Thursday, April 16, 2009

SharePoint Data Zoom: Handling Complex List Field Types

The free SharePoint Data Zoom Web Part gives you the power and flexibility of creating SharePoint apps from .NET code, but with a much quicker result and without the hassles of coding, compiling and deploying your solution.
As a case and point, let’s take a look at the $SPFields context item. We’ve added $SPFields to provide better support for “hard to access” SharePoint list fields like Look-up, User, URL, Multi-Column, Multi-Choice and Rating Scale fields. To illustrate, let’s look at an example:
 1## Get the list
 2#set( $myLinksList = $web.lists.get_item("DOT Links") )
 4#foreach($myLink in $myLinksList.Items)
 6 ## Get hard to read SharePoint fields
 7 #set( $urlValue = $SPFields.GetUrlValue($myLink.get_item("URL")) )
 8 #set( $stateValue = $SPFields.GetLookupValue($myLink.get_item("State")) )
 9 #set( $ownerValue = $SPFields.GetUserValue($web, $myLink.get_item("Owner")) )
11 #beforeall
12   <table class="ms-listviewtable" cellpadding="3" cellspacing="0" border="0" width="100%">
13     <tr class="ms-viewheadertr">
14       <th class="ms-vh2-nofilter">Title</th>
15       <th class="ms-vh2-nofilter">State</th>
16       <th class="ms-vh2-nofilter">Owner</th>
17     </tr>
18 #odd
19     <tr class="">
20 #even
21     <tr class="ms-alternating">
22 #each
23       <td class="ms-vb2"><a href="$urlValue.URL">$urlValue.Description</a></td>
24       <td class="ms-vb2">$stateValue.LookupValue</td>
25       <td class="ms-vb2">$ownerValue.LookupValue</td>
26 #after
27     </tr>
28 #afterall
29   </table>
30 #nodata
31   No links found

In line 2 two of the example above, we load a variable $myLinksList with the “Dot Links” list. In line 4, we begin a for..each loop to iterate over each item in the list. On line 7 though 9, you’ll notice that we’re using the $SPFields context object to set the variables for three complex fields. $SPFields.GetUrlValue will handle parsing the URL type fields, while $SPfields.GetLookupValue can hand fetching the value of a lookup field from another list! Finally, $SPFields.GetUserValue handles parsing a User type field for you.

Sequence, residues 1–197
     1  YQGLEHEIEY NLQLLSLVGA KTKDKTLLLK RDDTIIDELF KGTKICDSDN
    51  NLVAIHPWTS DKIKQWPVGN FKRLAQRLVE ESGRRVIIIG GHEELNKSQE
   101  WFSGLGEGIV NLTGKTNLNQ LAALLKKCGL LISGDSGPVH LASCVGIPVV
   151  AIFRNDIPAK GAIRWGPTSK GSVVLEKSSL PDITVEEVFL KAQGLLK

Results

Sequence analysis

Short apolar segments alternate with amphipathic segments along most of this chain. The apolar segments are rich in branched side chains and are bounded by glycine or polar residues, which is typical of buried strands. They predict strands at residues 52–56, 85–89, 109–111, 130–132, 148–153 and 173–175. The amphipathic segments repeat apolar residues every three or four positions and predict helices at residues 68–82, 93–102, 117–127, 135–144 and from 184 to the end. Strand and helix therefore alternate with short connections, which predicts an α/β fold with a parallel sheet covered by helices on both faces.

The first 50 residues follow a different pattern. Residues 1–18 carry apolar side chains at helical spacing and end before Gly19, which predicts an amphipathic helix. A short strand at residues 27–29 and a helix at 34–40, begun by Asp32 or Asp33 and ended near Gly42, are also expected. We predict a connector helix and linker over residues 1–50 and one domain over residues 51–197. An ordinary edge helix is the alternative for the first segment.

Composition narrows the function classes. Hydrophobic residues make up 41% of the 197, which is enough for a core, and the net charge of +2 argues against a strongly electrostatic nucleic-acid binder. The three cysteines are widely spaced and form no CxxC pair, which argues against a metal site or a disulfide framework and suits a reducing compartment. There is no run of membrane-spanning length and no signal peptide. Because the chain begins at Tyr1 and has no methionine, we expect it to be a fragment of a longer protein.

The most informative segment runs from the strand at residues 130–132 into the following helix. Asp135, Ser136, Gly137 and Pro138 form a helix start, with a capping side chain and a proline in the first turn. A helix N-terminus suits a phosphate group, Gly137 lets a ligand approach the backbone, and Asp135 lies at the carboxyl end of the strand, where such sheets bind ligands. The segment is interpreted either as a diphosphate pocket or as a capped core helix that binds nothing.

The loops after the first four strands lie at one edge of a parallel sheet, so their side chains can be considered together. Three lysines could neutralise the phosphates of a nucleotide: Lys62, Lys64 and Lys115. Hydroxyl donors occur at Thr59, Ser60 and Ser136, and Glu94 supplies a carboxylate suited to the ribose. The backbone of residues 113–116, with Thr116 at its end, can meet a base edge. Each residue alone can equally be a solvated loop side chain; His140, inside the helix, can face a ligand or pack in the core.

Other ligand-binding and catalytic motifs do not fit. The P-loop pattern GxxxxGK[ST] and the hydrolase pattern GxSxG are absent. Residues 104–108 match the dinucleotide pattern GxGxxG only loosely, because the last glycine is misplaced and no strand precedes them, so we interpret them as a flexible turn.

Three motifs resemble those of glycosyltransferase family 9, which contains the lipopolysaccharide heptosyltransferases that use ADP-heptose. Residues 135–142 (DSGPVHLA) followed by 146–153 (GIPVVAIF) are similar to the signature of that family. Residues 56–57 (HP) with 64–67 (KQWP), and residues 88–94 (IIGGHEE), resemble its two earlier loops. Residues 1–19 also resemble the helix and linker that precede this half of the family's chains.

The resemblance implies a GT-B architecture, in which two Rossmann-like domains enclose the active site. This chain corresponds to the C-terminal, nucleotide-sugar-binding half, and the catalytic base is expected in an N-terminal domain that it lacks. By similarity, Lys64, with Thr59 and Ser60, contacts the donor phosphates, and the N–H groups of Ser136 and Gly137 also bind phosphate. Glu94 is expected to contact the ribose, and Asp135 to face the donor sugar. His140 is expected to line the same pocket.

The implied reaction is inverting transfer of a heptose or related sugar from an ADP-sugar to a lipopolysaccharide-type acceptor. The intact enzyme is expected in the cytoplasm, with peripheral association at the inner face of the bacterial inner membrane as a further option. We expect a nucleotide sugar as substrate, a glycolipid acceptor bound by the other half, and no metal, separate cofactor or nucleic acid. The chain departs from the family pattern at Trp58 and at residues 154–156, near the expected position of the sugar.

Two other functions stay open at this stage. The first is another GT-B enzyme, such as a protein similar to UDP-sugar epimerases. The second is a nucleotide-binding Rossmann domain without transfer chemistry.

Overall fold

If you drop your attention down to lines 23 through 25, you’ll see where the convenience of the $SPFields context item really shines. For the URL field, we simply need to call $urlValue.URL and $urlValue.Description to get at our data. With the lookup and user field types, calling $stateValue.LookupValue and $ownerValue.LookupValue does the trick.
Here’s a screen shot of the simple output:

Convenient and flexible yet powerful! Don’t you agree?


Frode Sørhøy, Sparebanken Vest, Bergen, Norway said...

I'm testing the Data Zoom web part, and it's very promising. Currently checking out the SQL Server extension as well. Do you have an example on how to do paging when displaying large lists/data sets?

- Frode

Jeremy Luerkens said...

You can page SQL records by formatting your T-SQL query. For SQL Server 2005 and above you can format your query like so...

SELECT * FROM (SELECT ROW_NUMBER() OVER (ORDER BY CompanyName desc) AS rownum, * FROM Customers) AS tmpCustomers WHERE rownum >= 21 AND rownum <= 30

To format the UI to allow users to select the page size and navigate between pages check out the User Directory script.